Tomasz Wasilweski on Floating Skyscrapers

Polish helmer Tomasz Wasilewski speaks about gay culture in Poland, the motivation behind making “Floating Skyscrapers”, and its reception.


What is gay culture like in Poland?

I don’t know. For sure, it’s different than in France. In Poland there is no such thing as gay marriage. But it is hard for me to say. You know, the most important thing for me in the movie was that we did not try to look at the characters with a specific sexuality. We were fighting so that the viewer would say that it’s about people in love, not about gay people falling in love.

What motivated you personally to do the movie?

I wrote the script eight years ago. At the beginning the story was different, it was about a fifty year-old woman and her daughter and the relationship of the daughter with another girl.

What made you change the script?

I was trying to find money for the movie for a long time. It’s hard to find the money right after film school, so I worked a lot on this version and decided to change the weight of the characters. The mother was no longer the main character in the first version. Then I decided to turn the girls into boys because I wanted to make a movie about emotions and reduce the social aspect of the movie. In the media and in society there’s a difference in tolerance towards lesbian couples. There’s something different when you see two girls on the street holding hands. That’s why I decided to change it with boys. It’s hard to explain. Avoiding this social aspect also leads to a stronger social aspect.

How do you represent the difference between the city and nature in the movie?

For me it was important to chose corridors, narrow, and claustrophobic places. The characters needed these places. At the same time, when they take the trip to the lake, I wanted the lake to be wide, and open. There was a kind of freedom with the lake. But they are still very blocked. So the bridge at the lake is also a concrete building, like the city. So it’s not pure. I wanted them to escape but to end up in another prison. It’s their fate.

Why is the movie so dark and melancholic?

That’s the way I perceive cinema. You could say the same about my first movie. And my next movie will be even darker. It’s not about the sexual minorities. My movies are like this. I don’t like happy endings. When we screened the film in New York, people were almost in shock because I decided to kill the main character – well, we don’t know whether he’s dead, but he’s severely beaten. But that was not a problem for me. I don’t think about it that way.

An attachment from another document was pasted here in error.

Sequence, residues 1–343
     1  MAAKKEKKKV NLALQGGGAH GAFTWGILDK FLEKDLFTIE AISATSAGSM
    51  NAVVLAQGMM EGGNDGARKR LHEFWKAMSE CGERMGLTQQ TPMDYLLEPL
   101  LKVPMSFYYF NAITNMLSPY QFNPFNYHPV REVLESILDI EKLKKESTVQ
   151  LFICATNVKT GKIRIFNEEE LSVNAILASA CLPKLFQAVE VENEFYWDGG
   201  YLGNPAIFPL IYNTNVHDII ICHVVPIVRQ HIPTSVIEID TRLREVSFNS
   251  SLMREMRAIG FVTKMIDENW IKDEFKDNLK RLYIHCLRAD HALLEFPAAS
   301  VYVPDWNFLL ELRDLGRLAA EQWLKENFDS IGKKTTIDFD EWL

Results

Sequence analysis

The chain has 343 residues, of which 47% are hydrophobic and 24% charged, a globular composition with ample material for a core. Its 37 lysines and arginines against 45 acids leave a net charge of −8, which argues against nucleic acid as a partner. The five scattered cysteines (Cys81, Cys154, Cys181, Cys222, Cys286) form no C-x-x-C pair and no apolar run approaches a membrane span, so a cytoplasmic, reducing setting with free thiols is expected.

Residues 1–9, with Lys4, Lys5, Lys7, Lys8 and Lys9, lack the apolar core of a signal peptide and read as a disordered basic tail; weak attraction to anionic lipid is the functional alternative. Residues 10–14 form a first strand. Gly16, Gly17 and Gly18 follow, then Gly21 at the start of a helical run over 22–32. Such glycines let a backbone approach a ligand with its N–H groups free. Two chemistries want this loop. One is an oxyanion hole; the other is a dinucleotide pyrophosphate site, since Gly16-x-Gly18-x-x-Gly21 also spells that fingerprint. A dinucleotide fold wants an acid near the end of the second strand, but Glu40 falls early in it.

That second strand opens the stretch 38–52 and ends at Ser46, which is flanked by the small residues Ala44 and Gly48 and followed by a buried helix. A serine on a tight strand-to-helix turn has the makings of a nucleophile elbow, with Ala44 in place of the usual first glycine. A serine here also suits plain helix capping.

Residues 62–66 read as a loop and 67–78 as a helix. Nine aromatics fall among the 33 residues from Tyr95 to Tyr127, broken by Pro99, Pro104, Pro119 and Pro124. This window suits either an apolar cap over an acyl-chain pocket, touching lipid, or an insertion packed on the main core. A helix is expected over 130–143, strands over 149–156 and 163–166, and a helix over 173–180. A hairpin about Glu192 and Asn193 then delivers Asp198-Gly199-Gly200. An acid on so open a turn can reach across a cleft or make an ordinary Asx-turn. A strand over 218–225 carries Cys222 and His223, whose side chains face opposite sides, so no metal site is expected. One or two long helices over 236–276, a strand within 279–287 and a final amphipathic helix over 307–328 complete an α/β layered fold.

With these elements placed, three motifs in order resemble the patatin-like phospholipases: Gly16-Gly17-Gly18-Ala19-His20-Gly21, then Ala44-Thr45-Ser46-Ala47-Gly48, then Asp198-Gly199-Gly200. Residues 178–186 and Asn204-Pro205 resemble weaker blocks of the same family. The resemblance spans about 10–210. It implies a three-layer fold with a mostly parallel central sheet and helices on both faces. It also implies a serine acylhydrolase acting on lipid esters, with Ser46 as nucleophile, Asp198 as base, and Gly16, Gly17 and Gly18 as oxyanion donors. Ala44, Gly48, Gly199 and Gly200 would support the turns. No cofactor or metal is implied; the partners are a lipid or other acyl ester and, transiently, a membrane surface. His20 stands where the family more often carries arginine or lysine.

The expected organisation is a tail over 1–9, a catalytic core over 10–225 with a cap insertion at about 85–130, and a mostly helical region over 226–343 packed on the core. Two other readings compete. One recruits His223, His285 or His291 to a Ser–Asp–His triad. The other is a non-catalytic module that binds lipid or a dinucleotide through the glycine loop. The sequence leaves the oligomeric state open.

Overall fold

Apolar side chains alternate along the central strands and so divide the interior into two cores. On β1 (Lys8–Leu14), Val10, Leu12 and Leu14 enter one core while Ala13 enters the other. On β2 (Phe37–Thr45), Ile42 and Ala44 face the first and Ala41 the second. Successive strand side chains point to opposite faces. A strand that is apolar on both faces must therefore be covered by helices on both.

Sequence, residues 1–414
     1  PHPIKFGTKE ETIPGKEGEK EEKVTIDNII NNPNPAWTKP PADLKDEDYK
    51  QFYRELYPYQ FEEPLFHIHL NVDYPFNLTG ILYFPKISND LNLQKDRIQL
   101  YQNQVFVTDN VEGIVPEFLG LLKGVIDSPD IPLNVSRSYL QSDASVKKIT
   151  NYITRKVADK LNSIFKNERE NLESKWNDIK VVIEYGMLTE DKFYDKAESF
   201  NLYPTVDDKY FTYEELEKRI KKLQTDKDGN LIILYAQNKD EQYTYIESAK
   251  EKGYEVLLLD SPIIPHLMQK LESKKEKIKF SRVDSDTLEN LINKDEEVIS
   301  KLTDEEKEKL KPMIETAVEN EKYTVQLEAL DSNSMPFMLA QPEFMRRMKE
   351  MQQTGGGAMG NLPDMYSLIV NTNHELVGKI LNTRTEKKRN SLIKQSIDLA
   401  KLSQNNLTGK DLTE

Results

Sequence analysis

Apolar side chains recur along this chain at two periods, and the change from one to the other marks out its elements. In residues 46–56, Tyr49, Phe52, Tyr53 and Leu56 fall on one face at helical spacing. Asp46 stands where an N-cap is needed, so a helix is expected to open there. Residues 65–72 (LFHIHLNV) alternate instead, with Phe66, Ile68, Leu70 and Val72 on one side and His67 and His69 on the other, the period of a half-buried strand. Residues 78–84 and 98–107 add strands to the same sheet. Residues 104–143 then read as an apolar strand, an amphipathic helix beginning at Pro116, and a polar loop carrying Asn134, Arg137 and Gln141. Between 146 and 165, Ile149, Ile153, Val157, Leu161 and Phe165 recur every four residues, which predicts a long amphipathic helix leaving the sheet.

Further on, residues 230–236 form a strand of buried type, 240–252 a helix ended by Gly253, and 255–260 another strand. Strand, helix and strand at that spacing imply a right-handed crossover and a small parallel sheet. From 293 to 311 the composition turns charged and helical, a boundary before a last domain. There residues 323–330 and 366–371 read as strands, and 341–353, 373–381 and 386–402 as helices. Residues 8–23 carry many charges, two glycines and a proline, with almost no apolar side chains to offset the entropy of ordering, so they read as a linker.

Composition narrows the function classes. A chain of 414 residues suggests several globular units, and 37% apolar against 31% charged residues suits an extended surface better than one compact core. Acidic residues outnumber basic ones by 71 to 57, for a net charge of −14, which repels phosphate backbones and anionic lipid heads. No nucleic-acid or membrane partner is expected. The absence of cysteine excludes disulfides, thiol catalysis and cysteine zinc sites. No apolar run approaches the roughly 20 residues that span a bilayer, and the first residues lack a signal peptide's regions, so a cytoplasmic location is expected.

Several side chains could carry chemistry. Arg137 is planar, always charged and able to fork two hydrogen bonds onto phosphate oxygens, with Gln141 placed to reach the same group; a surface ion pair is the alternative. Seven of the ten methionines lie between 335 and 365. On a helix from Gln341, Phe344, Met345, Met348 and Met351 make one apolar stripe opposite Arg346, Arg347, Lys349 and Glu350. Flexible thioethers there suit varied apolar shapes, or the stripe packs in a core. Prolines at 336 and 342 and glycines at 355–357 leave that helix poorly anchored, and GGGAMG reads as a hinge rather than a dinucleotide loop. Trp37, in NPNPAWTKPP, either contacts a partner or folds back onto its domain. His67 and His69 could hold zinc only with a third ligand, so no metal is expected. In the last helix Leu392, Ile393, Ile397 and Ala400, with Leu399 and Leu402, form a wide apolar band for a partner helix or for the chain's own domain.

How would you justify the beauty of your shots and of your actors in light of this darkness?

It’s human nature. Human beings can be amazing and beautiful but terrifying at the same time. They can be monsters. You know, the most important thing for me in the movie was that we did not try to look at the characters with a specific sexuality.

But you do also make the use of gay iconography, like swimming male bodies which you can find in Pedro Almodóvar’s “Bad Education” and in David Hockney’s paintings.

Well, I knew from the beginning that I wanted Kuba to be an athlete. But when you look at him, he’s a regular guy. I decided for him to be a swimmer because for a character who is closed, being in an environment with half-naked men all the time makes it problematic for him to win his interior fight. I know what you mean, it’s about the cult of the body. But I mostly wanted to give him a dream. Of course I used some stereotypes of the LGBT movies in the film. But swimming wasn’t one of them, it was rather to have the character move around in a manly profession.

What stereotypes did you play with?

For example when his mom finds out that he’s seeing Michal, she slaps him in the face and says that it’s her fault. And that’s a stereotype that the mother is always herself. When I screened the movie in Western countries everyone was laughing, but when I saw it in Eastern countries they don’t laugh because they think it’s a true drama.

Do you think that’s why so many gays stay in the closet, in your film or also in Szumowska’s “In the Name of…”?

Western countries had so many years to go further which our part of Europe did not have. That’s why my movie and Malgosza’s movie, I think, these are the first movies about the subject in Poland. This says a lot about the conditions in our country but not only our country. I remember that when I was screening the movie in Karlovy Vary, I talked to the distributors from other Eastern European countries, and they told me that they don’t have this kind of movies. Maybe in twenty years when tolerance towards minorities grows, it will be different, and the movies will be different as well. Maybe because these are the first movies, it’s like that.

Thank you for the interview